Some cases will be easy to identify. By way of example, when another of my clients, who spoke no English, was arrested in a ‘cannabis factory’ raid in circumstances where all the doors to the building were locked from the outside, the case was clearly crying out for a Modern Slavery Act defence. Astonishingly, that case made it to PTPH before an NRM referral was made. It was subsequently abandoned following a positive conclusive grounds decision.

Practitioners should be careful to remember, however, that the Modern Slavery Act does not only apply to foreign nationals who have been trafficked across borders: there are many UK nationals who may fall within the remit of the Act. For Archers fans, the recent and ‘shocking’ events, revealing modern day slavery in the heart of Ambridge, may have helped to raise awareness of this uncomfortable reality. Crucially, these individuals may not see themselves as victims at all: they are just as deserving of the protection that s45 provides. Especially in the case of children under 18 years of age, where the element of compulsion need not be proved, it is essential practitioners are alive to the possibility of a s45 defence, even when it is not raised by our instructions.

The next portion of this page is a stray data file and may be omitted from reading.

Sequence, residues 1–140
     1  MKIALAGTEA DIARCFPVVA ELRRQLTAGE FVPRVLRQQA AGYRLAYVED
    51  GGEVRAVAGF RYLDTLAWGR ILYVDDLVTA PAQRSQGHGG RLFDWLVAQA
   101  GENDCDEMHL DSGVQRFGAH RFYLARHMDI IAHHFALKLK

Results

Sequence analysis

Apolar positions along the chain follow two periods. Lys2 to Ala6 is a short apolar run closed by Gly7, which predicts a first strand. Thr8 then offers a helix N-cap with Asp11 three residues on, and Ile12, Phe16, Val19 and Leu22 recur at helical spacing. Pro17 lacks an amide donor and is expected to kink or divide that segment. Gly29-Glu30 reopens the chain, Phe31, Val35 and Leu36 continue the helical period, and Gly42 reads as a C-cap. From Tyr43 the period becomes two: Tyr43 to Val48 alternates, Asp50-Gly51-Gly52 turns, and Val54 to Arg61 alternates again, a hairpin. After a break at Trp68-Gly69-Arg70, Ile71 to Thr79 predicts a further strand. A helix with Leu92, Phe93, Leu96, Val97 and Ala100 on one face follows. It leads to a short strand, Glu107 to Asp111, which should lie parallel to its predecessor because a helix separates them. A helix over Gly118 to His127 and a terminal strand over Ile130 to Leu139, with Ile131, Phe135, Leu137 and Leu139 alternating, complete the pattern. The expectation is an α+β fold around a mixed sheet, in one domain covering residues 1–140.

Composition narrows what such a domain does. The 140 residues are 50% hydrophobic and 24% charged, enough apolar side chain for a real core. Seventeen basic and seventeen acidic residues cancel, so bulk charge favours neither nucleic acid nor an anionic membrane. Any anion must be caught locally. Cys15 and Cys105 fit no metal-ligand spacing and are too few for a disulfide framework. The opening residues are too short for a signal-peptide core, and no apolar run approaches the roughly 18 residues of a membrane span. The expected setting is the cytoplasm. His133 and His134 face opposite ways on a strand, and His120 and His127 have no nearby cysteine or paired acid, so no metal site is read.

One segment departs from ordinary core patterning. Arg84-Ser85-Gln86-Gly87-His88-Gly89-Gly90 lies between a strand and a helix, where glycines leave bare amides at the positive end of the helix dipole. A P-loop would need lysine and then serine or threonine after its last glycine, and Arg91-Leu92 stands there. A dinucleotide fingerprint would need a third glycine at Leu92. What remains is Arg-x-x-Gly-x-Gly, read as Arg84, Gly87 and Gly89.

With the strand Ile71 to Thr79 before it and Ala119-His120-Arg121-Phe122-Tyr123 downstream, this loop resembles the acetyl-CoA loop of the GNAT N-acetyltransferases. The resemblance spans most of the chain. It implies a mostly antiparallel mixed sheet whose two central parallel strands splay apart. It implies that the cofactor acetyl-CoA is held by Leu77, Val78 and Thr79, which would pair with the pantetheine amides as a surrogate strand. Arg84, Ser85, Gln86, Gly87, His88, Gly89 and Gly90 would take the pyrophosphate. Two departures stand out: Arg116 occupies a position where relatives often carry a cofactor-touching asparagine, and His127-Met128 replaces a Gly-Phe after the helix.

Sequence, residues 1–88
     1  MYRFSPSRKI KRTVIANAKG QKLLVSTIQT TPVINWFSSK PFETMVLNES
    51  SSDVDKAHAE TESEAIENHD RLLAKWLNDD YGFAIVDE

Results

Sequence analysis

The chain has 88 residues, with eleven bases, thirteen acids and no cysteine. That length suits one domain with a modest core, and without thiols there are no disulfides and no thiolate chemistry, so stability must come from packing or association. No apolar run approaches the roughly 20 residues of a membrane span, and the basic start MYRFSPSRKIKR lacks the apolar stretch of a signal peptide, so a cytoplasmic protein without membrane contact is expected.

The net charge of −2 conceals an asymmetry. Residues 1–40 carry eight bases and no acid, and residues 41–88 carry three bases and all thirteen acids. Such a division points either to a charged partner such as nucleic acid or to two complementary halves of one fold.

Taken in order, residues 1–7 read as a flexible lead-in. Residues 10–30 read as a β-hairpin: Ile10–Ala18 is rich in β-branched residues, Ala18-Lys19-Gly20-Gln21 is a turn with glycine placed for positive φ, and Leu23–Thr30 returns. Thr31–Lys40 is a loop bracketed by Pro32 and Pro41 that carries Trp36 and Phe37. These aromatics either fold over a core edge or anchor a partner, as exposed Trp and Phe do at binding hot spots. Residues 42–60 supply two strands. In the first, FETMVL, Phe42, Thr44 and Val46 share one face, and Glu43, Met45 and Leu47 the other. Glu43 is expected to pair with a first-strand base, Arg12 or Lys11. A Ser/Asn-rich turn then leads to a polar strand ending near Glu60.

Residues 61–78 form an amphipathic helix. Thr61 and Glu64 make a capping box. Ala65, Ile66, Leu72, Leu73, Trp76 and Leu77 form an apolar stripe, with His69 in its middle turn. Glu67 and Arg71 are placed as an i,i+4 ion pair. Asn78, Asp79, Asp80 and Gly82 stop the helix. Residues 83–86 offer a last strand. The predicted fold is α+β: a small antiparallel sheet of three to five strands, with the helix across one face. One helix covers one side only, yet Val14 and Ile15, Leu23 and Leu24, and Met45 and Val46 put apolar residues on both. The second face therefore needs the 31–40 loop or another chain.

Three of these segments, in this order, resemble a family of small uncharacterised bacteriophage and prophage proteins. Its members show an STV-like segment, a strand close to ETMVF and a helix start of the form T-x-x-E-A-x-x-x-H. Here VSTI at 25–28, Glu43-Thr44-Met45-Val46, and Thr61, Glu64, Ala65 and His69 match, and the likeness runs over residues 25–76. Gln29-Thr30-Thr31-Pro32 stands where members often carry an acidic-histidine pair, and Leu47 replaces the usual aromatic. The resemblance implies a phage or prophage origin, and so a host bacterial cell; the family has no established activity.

A Happy Ending
Since I first met her, my client has benefitted from substantial support from a number of agencies. With their input, her life is getting back on track. I was especially delighted to discover that a few weeks ago she spoke at a training event for professionals concerning child exploitation in County Lines. Today was a welcome reminder of why I continue to do this job, despite the many and significant barriers to continued practice at the Criminal Bar: it is the opportunity, occasionally, to make a real difference.

Mrs J Needham
Goldsmith Chambers

Useful Resources
1 Competent Authority Guidance (v7.0)
2 CPS Guidance: County Lines Typology

Related barristers: Julia Needham

Related practice areas: Crime


Goldsmith Chambers and its barristers are
regulated by the Bar Standards Board